Post by Cnsl1 » Sun Nov 06, 2022 10:58 pm

Hagoth wrote:
Fri Nov 04, 2022 7:39 pm
Linked wrote:
Fri Nov 04, 2022 1:01 pm
Stupidity is the wrong word for what you describe.
I totally agree. I was repeating Krishnamurti's definitions to see how people here would respond. I think something like arrested development might be more on target. A sociologist might call it false consciousness. I do, however kind of like his definition of intelligence. It's not so much about IQ as the willingness to think, wonder, and question.

I have talked here about the emphasis the church puts on being childlike, and how some of the most respected and beloved members of wards I have been in seem to be the ones who, despite being intelligent and functional, seem to maintain a very shallow depth of thinking, as if their inquisitiveness and mental independence never got beyond the Primary level. Some of these are people I like very much, and I wish I could have an actual conversation about actual ideas with them, but they hit barriers and screech to a halt as soon as something from "outside" enters the conversation. God love 'em.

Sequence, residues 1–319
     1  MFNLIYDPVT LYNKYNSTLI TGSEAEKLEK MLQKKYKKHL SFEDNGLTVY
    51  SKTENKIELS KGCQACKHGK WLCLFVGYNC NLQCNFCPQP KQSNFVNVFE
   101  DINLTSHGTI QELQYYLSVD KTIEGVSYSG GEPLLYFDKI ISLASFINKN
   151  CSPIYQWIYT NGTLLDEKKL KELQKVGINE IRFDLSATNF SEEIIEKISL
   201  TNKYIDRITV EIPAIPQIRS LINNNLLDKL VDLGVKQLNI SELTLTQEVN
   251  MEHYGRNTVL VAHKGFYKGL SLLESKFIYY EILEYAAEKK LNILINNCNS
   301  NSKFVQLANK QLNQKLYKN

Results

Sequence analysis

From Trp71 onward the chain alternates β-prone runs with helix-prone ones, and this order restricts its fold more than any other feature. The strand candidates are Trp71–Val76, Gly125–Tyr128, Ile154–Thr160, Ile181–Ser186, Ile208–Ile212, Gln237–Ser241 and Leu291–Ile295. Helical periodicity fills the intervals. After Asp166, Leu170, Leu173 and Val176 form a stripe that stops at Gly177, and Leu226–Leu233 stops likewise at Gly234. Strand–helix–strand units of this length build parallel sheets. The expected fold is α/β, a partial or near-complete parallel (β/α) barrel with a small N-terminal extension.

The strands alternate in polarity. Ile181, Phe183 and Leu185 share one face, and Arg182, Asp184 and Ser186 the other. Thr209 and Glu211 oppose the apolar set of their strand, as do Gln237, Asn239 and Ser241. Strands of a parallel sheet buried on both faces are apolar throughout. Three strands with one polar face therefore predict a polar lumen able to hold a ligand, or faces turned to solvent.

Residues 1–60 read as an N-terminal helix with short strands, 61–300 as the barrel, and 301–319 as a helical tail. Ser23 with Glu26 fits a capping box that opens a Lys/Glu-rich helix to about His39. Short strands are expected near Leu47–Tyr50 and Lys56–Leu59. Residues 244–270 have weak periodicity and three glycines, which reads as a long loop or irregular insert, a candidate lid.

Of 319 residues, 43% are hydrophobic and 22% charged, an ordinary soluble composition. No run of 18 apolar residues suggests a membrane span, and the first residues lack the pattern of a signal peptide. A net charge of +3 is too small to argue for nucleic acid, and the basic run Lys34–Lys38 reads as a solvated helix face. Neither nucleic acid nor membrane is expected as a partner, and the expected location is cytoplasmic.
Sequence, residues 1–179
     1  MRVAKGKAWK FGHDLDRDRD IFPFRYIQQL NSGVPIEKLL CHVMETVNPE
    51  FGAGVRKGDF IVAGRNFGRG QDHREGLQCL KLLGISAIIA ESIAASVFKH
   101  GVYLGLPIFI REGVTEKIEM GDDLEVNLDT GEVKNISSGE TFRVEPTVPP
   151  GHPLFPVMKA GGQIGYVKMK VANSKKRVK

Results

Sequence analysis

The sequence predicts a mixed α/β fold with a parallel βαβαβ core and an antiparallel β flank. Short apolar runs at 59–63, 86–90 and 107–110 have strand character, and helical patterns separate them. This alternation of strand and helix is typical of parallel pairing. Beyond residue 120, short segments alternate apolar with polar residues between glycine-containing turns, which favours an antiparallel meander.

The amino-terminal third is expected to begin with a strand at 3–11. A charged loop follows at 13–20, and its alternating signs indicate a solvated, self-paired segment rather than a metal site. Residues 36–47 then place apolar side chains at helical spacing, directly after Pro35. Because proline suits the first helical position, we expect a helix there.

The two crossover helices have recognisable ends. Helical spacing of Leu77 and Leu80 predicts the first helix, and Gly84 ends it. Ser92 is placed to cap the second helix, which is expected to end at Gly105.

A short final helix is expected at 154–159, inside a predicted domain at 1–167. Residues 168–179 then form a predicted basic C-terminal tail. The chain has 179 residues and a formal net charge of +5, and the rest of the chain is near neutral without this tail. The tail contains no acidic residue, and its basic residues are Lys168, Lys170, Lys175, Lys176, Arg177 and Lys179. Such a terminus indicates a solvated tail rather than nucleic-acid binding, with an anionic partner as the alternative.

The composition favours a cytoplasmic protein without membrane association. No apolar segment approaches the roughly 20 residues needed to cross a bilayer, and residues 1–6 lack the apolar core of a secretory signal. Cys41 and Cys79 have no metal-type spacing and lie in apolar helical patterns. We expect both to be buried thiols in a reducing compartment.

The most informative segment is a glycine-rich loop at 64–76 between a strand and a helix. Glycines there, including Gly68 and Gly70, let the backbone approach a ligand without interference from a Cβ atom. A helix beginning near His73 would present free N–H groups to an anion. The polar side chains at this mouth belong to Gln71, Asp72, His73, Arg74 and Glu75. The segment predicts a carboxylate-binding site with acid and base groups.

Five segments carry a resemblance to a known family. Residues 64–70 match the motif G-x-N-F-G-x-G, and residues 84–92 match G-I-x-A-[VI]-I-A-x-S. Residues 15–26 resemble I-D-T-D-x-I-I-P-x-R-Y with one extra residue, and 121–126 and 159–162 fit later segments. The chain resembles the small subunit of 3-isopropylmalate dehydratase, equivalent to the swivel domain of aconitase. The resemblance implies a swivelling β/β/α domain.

Amen to that. Interesting stuff, Hagoth.

When you "know" something, maybe there is no longer either a curiosity or desire to entertain any other possibilities, and also to flatly reject any data that does not fit your view. This obviously begets conformation bias and belief biases. It is probably emotionally safer to "hang tight to the rod" especially when you're explicitly taught that is how to deal with doubts or disconforming data. It doesn't matter how compelling the evidence, it cannot possibly be true so i can shut my mind off of those ideas and thoughts. It is easier not to ponderize the tough questions, or the evidence that doesn't fit the narrative. Again, this seems like the perfect description of a lazy learner. Ha